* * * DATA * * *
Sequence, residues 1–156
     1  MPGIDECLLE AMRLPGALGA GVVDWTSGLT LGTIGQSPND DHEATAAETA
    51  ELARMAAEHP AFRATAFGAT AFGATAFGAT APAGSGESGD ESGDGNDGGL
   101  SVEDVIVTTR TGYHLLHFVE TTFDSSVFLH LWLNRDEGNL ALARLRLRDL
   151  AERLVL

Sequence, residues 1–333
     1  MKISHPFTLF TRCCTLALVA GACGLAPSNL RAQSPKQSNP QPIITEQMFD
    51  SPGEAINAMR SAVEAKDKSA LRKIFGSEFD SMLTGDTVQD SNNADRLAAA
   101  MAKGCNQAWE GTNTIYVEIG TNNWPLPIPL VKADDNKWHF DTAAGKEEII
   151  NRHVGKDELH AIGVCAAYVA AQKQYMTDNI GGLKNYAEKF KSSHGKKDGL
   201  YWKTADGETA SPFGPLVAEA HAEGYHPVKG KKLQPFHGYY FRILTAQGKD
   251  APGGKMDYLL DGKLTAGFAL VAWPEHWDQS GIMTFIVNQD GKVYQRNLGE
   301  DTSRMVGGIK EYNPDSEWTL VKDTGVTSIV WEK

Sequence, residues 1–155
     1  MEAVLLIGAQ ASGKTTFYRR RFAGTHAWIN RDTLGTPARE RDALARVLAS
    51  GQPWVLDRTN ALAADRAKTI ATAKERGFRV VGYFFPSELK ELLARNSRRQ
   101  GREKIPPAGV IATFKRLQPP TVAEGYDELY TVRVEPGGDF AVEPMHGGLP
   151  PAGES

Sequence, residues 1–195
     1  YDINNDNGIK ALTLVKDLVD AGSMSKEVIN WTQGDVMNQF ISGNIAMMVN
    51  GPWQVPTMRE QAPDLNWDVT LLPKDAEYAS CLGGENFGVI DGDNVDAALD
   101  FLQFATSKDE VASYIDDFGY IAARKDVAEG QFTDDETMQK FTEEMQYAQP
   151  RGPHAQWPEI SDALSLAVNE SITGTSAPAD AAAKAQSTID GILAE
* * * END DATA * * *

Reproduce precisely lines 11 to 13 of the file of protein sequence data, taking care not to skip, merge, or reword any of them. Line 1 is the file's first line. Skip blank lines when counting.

   201  YWKTADGETA SPFGPLVAEA HAEGYHPVKG KKLQPFHGYY FRILTAQGKD
   251  APGGKMDYLL DGKLTAGFAL VAWPEHWDQS GIMTFIVNQD GKVYQRNLGE
   301  DTSRMVGGIK EYNPDSEWTL VKDTGVTSIV WEK